2. Being a tad OCD, I rarely indulge myself by NOT doing everything I “should” do. But I have one adorable, unusual Christmas ornament: a miniature chandelier. It sports plastic crystal droplets and faintly-pink sparkles and fake candles. I hang it from the tip of the dining room chandelier, a medieval monstrosity that was here when I moved in and which I’ve never replaced. And this year on January 2, as I was “taking down the Christmas”, I deliberately and with grave intent ignored what I “should” do, and left that shimmering little chandelier ornament hanging from the tip of my lighting fixture. Because it is bright. Because the house, stripped of all the holiday decorations, felt as bare and sorrowful and depressing as the continuing pandemic. Because that tiny bit of joy felt just a little bit like hope.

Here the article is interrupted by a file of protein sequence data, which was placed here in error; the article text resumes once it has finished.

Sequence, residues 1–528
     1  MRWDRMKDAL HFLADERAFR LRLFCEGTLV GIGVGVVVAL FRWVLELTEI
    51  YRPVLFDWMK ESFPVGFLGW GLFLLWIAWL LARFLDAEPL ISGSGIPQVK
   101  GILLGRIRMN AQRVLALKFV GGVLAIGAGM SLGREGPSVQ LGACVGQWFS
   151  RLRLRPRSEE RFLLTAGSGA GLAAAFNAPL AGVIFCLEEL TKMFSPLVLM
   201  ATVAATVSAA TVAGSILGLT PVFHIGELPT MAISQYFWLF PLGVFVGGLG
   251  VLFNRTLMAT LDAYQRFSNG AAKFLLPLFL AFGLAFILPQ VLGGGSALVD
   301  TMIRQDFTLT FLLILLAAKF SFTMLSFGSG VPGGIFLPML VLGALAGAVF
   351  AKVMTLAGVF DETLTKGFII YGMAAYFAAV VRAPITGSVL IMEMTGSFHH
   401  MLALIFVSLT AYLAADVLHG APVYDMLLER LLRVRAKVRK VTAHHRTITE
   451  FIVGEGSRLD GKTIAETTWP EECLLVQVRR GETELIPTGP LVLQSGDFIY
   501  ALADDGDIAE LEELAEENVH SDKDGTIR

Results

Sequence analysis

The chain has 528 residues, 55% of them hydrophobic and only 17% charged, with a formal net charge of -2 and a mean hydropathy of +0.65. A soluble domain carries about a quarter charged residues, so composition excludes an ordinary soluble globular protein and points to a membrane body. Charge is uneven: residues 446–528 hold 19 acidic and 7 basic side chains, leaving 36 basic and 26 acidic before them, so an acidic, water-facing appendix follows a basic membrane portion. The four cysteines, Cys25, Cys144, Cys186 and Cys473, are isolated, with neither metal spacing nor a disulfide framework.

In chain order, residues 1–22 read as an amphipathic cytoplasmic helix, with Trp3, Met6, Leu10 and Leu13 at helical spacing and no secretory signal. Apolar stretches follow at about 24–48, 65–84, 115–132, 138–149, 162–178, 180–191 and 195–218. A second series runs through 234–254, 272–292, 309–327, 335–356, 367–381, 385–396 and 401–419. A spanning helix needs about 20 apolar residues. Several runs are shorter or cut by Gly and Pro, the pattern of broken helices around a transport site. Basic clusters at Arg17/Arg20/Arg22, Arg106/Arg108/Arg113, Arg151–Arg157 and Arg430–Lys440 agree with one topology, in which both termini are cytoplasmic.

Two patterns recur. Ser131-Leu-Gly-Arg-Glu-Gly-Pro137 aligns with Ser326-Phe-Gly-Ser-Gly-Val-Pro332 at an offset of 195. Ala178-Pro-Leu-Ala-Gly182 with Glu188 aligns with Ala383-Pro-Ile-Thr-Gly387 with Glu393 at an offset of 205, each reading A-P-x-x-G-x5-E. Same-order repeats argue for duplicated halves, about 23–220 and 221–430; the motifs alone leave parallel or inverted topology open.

Because hope sparkles.

    1. Kim M Watt says:

      “Hope sparkles” – I LOVE that. And I love that you’ve left your mini-chandelier up to bring a bit of joy into this very grey January. That sounds like exactly what we all need – small things that bring disproportionate light. May 2021 be the year where we all let ourselves revel in these small, beautiful, and hopeful things <3

    2. Carolyn says:

      Now I crave a “hope sparkles” . I bought on impulse a £2 tiny Christmas tree and am tenderly trying to nurture it on the kitchen windowsill to shoe the hope.

      1. Kim Watt says:

        Beautiful! This is making me so happy – I love how we’ve all got little bits of light we’re tending <3 I wish your teeny Christmas tree good growing!